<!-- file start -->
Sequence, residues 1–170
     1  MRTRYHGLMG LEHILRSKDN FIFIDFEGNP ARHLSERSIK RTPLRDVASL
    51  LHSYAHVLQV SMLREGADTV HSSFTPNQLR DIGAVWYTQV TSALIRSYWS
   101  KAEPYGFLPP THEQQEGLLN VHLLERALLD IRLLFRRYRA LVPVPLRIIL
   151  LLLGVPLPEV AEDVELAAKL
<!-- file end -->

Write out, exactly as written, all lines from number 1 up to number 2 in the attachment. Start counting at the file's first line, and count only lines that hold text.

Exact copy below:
Sequence, residues 1–170
     1  MRTRYHGLMG LEHILRSKDN FIFIDFEGNP ARHLSERSIK RTPLRDVASL